DFW educators capitalize on kids' excitement over 'Hunger Games'
Educators capitalize on kids' interest in hit novels, movie
Eighth-grader Robert "Trey" Savage did not become an avid reader until he got his hands on the Hunger Games trilogy.
"It has a lot of the stuff that I enjoy in a book, like action," said Savage, a student at Willkie Middle School in the Eagle Mountain-Saginaw district. "This was the first book I read that had the kind of stuff in it that I liked. Then I wanted more, so I found other books that had the same."
Savage is one of millions of youngsters who have embraced Suzanne Collins' wildly popular series. The books are set in a dystopian future in which teens must fight to the death during an annual tournament that -- in a serious nod to reality TV -- is broadcast live.
While the Hunger Games movie, which opens today, has certainly created a new level of buzz for the trilogy, savvy teachers and librarians have been incorporating the books into lessons and school activities as a starting point to get more tweens and teens interested in reading, much as they did with the Harry Potter and Twilight series and other popular books .
More than 26 million copies of the books, which also include Catching Fire and Mockingjay, have been sold.
Students at Haltom High School read The Hunger Games for last year's schoolwide book read, and teachers and teens alike are organizing watch parties for the movie, English teacher Marisa Hafley said.
Students were enthralled by the novel's strong female protagonist and suspenseful story line. Some came to school looking exhausted after staying up late to read, Hafley said.
"The goal was to get kids excited about reading. We had kids carrying the book around," she said. "The kids were able to see that the underlying theme was about hope and the importance of fighting for what you believe in."
On Thursday, students in the Book Bites after-school club at Watauga Middle School gathered to hear librarian Stephanie Roe read about 40 pages aloud. They've got about 100 pages to go.
"After the first chapter, I asked, 'Do you want to stop and discuss it?'" Roe said. "They said, 'No, keep reading.' And they rarely interrupt."
Clubs, blogs, field trips
Tidwell Middle School in Roanoke embraced the trilogy in various ways. The series kicked off the school's new book club, and this spring's field day will have a Hunger Games theme -- minus the whole fight-to-the-death thing.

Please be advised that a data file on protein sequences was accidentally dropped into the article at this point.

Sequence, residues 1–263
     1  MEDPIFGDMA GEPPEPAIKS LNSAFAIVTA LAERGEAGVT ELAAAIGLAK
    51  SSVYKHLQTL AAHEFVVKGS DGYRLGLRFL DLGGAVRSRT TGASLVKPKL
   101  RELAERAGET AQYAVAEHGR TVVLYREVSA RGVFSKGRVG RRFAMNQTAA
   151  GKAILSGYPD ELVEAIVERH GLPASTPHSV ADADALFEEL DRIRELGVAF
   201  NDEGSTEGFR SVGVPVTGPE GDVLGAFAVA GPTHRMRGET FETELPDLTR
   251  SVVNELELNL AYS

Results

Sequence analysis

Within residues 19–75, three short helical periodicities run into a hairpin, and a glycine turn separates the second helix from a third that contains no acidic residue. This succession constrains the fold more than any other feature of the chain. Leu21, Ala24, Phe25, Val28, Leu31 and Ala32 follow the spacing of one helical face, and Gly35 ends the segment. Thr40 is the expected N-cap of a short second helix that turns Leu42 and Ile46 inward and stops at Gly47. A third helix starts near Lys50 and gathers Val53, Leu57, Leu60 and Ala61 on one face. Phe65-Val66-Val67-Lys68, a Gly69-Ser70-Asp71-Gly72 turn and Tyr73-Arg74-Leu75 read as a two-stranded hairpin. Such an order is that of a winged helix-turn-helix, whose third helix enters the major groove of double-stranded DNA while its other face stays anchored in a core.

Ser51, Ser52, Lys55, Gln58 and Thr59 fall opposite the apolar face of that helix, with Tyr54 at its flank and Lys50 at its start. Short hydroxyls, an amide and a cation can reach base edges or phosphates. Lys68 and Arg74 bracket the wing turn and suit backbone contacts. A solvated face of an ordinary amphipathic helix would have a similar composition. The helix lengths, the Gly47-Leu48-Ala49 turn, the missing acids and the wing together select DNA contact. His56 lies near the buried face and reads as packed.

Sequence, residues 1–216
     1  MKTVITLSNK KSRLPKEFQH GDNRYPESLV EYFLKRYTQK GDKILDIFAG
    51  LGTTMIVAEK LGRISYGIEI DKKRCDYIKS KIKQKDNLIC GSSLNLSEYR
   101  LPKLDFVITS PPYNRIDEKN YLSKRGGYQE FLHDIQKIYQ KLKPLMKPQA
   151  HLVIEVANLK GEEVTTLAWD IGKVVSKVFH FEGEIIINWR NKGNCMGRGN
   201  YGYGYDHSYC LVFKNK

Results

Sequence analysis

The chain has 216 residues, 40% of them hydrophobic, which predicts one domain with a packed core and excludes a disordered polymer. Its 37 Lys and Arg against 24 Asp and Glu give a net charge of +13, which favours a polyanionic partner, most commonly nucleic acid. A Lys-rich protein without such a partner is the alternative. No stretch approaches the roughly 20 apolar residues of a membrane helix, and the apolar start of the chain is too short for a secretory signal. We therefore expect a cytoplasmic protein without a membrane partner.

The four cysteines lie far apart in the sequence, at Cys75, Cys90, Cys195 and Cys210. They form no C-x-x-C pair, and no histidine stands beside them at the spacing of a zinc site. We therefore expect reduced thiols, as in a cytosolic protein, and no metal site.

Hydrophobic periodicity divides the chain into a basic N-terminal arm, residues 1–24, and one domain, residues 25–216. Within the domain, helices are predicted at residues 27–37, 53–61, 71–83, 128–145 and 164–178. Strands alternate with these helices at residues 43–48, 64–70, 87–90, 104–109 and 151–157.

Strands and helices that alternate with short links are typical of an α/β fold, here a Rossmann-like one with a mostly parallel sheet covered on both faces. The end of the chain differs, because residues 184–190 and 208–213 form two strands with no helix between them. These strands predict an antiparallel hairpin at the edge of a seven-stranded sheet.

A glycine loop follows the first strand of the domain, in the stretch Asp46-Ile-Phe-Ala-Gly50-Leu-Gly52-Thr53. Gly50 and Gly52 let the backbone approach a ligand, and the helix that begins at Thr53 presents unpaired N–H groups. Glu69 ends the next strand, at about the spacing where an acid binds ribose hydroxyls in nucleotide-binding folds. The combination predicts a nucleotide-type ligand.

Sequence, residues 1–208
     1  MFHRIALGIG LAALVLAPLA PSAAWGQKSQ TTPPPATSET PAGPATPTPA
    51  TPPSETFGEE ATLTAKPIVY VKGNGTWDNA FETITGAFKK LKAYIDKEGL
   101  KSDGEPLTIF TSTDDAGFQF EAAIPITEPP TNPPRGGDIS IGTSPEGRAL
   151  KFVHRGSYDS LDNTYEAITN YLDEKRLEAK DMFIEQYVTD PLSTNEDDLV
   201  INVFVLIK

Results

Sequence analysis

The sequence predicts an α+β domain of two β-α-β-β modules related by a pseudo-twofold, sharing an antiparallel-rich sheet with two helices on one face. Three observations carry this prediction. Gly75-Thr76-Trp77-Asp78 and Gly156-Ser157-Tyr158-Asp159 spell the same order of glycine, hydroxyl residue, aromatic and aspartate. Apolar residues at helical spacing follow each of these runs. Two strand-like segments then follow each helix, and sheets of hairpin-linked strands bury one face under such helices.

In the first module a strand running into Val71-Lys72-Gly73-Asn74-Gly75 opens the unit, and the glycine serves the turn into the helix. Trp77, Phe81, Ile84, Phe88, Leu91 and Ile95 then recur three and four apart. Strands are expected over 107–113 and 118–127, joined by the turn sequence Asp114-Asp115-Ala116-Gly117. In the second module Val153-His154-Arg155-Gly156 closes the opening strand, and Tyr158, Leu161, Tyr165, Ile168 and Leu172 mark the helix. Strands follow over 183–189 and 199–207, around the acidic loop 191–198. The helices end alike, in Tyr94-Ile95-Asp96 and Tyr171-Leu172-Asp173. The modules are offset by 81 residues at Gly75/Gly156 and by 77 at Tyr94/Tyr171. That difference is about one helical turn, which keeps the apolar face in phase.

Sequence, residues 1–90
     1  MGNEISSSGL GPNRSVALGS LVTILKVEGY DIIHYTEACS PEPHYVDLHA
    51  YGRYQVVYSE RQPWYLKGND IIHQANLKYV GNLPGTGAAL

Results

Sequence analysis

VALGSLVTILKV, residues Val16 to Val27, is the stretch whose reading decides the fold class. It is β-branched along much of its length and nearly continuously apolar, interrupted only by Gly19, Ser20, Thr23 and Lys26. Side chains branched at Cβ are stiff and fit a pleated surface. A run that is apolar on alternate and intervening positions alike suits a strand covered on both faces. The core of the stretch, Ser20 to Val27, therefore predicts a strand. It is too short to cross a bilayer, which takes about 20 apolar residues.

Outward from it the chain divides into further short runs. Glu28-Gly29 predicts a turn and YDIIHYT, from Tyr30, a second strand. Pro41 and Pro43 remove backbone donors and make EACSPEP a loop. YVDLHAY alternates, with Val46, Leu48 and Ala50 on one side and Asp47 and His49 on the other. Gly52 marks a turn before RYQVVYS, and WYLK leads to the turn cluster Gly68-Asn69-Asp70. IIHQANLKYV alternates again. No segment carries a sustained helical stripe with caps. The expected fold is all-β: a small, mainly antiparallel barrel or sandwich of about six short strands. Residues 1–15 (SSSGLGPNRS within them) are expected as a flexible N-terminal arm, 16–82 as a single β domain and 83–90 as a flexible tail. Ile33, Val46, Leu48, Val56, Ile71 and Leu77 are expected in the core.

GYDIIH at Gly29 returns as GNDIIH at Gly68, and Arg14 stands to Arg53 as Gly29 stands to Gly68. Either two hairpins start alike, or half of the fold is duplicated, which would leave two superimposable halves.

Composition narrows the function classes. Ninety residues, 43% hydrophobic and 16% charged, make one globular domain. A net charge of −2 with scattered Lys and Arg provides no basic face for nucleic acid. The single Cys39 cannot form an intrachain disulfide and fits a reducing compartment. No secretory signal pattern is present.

Teacher Kila Bach said students couldn't stop talking about the series, so what was originally a regular book club transformed into a blogging book club so they could continue discussing the book on their own.
"The kids get on the blog and write about where they are and chat back and forth about it," Bach said. "It's a neat thing to watch. Now with the movie, they are asking who wants to go see it together so they can then compare it to the book and wondering how the movie will be different."
Today, Heritage Middle School teacher Andy Tucker will take a group of students on a field trip to see the movie and will follow it up with related writing activities and projects.
Throughout the semester, students at the Colleyville school will write on themes related to the movie -- such as when people become desensitized to violence -- and comparing the book to others, such as Lois Lowry's The Giver.
"It seems like it's getting harder and harder to get kids interested in reading books because we are in an age of instant information," Tucker said.
"So when a book like this comes along, we get excited and expand on it to make reading exciting for them. If they read this book, then maybe they'll read that book and expand their library ... and take ownership of their learning."
Dystopia in demand
Once students have read through the Hunger Games series, they are often eager to find more books in a similar genre, so educators say they move fast to get something else in the youngsters' hands.
Katherine Stedman, librarian at Gunn Junior High in Arlington, said she has stocked up on similar titles that take place in a dystopian state where society is repressed or that have a post-apocalyptic setting.
"When I first started teaching, we didn't have hardly any zombie books or post-apocalyptic ones that were really recognized as good literature," Stedman said.
Now, she notes, the Texas Library Association includes such books on its annual recommended reading list, including Divergent by Veronica Roth and Blood Red Road by Moira Young.
"They can be really depressing and a little different," Stedman said. "But I think the kids understand that we're in a recession and that there are a lot of things going on in the world.
"And while these kinds of books can be a downer, they usually have a positive message about trying to make life better that I think the kids relate to."
At Willkie Middle, librarian Leigh Collazo said only a few of her younger students felt the violence was too much and couldn't finish the book. Otherwise, she said, the Hunger Games series and similar books are flying off her shelves.
But eighth-grader Lindsey West insists that nothing compares to The Hunger Games.
"I've read the whole series, and it just puts you in shock," West said. "I've never been as excited about a book in my whole life. I loved Harry Potter, but nothing has gotten me as excited. Ever."
Staff writer Jessamy Brown contributed to this report.